MAYFIELD, Ky. — The annual picnic at Fancy Farm always serves up a main dish of politics along with a side of delicious barbecue. And this year voters will get a rare glimpse of Kentucky's U.S. Senate candidates standing side by side as they face armies of hecklers trying to move them off their talking points.
Senate Minority Leader Mitch McConnell and his Democratic challenger, Alison Lundergan Grimes, will share the same stage for only the second time. One of the most-watched races in the country, it could weigh heavily on which party controls the Senate for the final two years of President Barack Obama's term.
Their scripted, crowd-controlled campaigns could go anywhere during their appearances Saturday along with other political speakers at the 134th annual picnic, a major draw for political types. McConnell is in the toughest re-election race of his career, making this year's event even bigger than usual.
Nominally a fundraiser for a small Roman Catholic church in western Kentucky, the two-day picnic in the tiny town of Fancy Farm is a throwback to the days before television, when stump speeches were the candidates' main vehicle to reach voters.
"There used to be actual voters in the audience you could persuade to be for you. But in the last 20 years or so, it's just turned into who can bring the most people and scream the loudest and come up with the craziest antics," said veteran Kentucky Democratic political consultant Danny Briscoe said. "It's turned into, I think, a circus."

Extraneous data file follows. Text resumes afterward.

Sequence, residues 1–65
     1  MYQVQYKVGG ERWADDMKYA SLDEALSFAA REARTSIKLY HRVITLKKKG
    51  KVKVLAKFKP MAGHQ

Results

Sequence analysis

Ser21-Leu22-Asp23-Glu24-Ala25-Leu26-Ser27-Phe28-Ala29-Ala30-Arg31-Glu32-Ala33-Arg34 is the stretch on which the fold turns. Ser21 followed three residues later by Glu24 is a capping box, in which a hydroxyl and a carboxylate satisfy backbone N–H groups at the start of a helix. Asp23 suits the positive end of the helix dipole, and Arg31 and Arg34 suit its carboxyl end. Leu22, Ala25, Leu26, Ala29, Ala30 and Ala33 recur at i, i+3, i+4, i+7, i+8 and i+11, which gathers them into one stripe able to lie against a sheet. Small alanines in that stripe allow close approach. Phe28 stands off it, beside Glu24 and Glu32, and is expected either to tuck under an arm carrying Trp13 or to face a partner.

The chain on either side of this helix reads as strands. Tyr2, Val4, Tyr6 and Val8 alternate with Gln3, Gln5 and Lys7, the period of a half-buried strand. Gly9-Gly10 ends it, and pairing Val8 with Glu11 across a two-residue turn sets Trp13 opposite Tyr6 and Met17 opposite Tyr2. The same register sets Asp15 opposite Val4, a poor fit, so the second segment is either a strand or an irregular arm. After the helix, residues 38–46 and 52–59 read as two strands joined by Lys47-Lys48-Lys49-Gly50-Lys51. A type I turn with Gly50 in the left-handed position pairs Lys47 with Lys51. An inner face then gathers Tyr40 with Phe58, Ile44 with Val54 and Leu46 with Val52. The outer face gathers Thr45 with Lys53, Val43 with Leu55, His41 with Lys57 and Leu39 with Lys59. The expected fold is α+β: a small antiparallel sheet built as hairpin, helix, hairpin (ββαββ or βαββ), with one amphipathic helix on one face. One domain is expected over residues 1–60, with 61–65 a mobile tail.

McConnell is expected to continue to try to connect Grimes with Obama, who remains unpopular in Kentucky despite Democrats having a wide advantage over the GOP in registered voters. His campaign has focused mostly on highlighting how a vote for Grimes would be a vote for Senate Majority Leader Harry Reid, D-Nev., while McConnell would continue to fight against the president's policies.
Obama lost the state in the 2012 presidential race, garnering only 37.8 percent of the vote to 60.5 percent for Republican nominee Mitt Romney.
Grimes, meanwhile, is expected to hammer McConnell on pocketbook issues, including his opposition to raising the federal minimum wage and his vote to block a bill earlier this year that would have allowed some college students to refinance their student loans.
She has portrayed herself as an independent "Kentucky woman" who won't be beholden to a Democratic president.
Issues aside, the candidate' main goal may be not to lose their cool in the intimidating atmosphere and say something that could come back to haunt them.
"It don't really make a lot of difference what you say at Fancy Farm. It's all theater," said state Supreme Court Justice Bill Cunningham, who is the master of ceremonies of the event. "No one ever wins elections on what they say at Fancy Farm, but they may have come close (to losing)."